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Exberliner stands with Netzpolitik

A petition co-initiated by Berlin digital dissident Jacob Appelbaum and circulated among international journalists and campaigners comes to the defense of the editors of Netzpolitik. We've signed on – and so should you. Read on to find out why.

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Markus Beckedahl and Andre Meister of Netzpolitik (pictured) may not be tried for treason after all, and Harald Range may have been disgracefully dismissed, but the Netzpolitik affair is far from over. Digital expert Jacob Appelbaum and fellow activist Marie Gutbub are rallying journalists and campaigners to sign a petition demanding an end to the investigation. Go here to read their statement and sign on yourself.

As they told Exberliner, following Range’s sacking, Appelbaum and co. are calling for the next head to roll: that of Germany’s domestic intelligence agency president Hans-Georg Maassen. Here’s why we stand with them – and how you can get involved, too.

Why did you initiate this petition?

We think that it is important to show that journalists around the world feel very strongly about the chilling effect that this investigation has on their lives and on their work. It is important to use the medium of the press in defense of itself. We must work together to protect each other. It has been said by the German journalist Tilo Jung: All journalists are activists for the truth!

What shocked you most about the Netzpolitik affair?

That Bundesverfassungsschutz president Hans-Georg Maassen hasn’t been fired already…

Is your action really necessary now that German attorney general Harald Range has been sacked and so much outrage has been generated?

After the Spiegel scandal of 1962 [which led to the firing of federal defense minister Joseph Strauss], we feel it is important that there is a higher cost this time around. Hans-Georg Maassen has to go – that is the thought on everyone’s mind right now. He has primary responsibility and should apologise by resigning.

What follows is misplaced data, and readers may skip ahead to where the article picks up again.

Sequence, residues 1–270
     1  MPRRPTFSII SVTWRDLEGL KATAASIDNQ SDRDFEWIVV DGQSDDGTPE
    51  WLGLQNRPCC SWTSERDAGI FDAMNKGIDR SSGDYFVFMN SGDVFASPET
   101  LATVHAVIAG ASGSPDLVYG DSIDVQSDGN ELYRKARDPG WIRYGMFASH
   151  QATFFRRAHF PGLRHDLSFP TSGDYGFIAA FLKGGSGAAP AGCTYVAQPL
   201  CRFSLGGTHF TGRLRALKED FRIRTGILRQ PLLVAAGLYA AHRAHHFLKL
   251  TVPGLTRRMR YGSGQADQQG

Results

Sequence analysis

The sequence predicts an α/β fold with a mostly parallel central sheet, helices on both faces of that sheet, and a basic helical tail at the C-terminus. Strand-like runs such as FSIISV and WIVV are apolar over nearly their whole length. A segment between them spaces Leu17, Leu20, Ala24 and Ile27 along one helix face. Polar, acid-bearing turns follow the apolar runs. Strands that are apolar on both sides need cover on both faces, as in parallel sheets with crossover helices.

As someone who came to Berlin seeking a “safe haven” from surveillance, did this episode come as a surprise? A disappointment?

We see a very positive turn around here – officials abusing journalists’ basic rights are being dismissed. This is evidence that Berlin is a political safe haven – but that safety comes from the people, working together to protect Markus and Andre, and not from the city itself. How could we find this disappointing? It is extremely inspiring to see such strong support and the slow but moving accountability.  

The two “treasonous” articles were actually published earlier this year – ironically, they only came to public attention BECAUSE of the German prosecutor’s ire. Does it mean that people don’t really care about those issues unless ssome big controversy makes them spill into the mainstream?

This investigation is a fantastic rallying point. It often takes time for complex issues to develop in the public sphere. More sources will come forward and more people will read about these issues. The issues of mass surveillance were of course talked about in the mass media long before this investigation, but the investigation has done something different: it has shown Germany their local Glenn {Greenwald} and Laura {Poitras}. We know who to support, who to protect and who will continue to publish.

Why should we read Netzpolitik?

Netzpolitik covers issues that are relevant for an information society, our society. They provide original source documents in the spirit of scientific journalism. They provide necessary commentary and analysis with serious reporting on the ground. This is a high standard that many print newspapers don’t meet – we should not only read and care, we should support and protect them.  

What’s next? What can we, as simple citizens, do – beyond signing this petition?

Donate to Netzpolitik (https://netzpolitik.org/spenden) and if possible – become a source!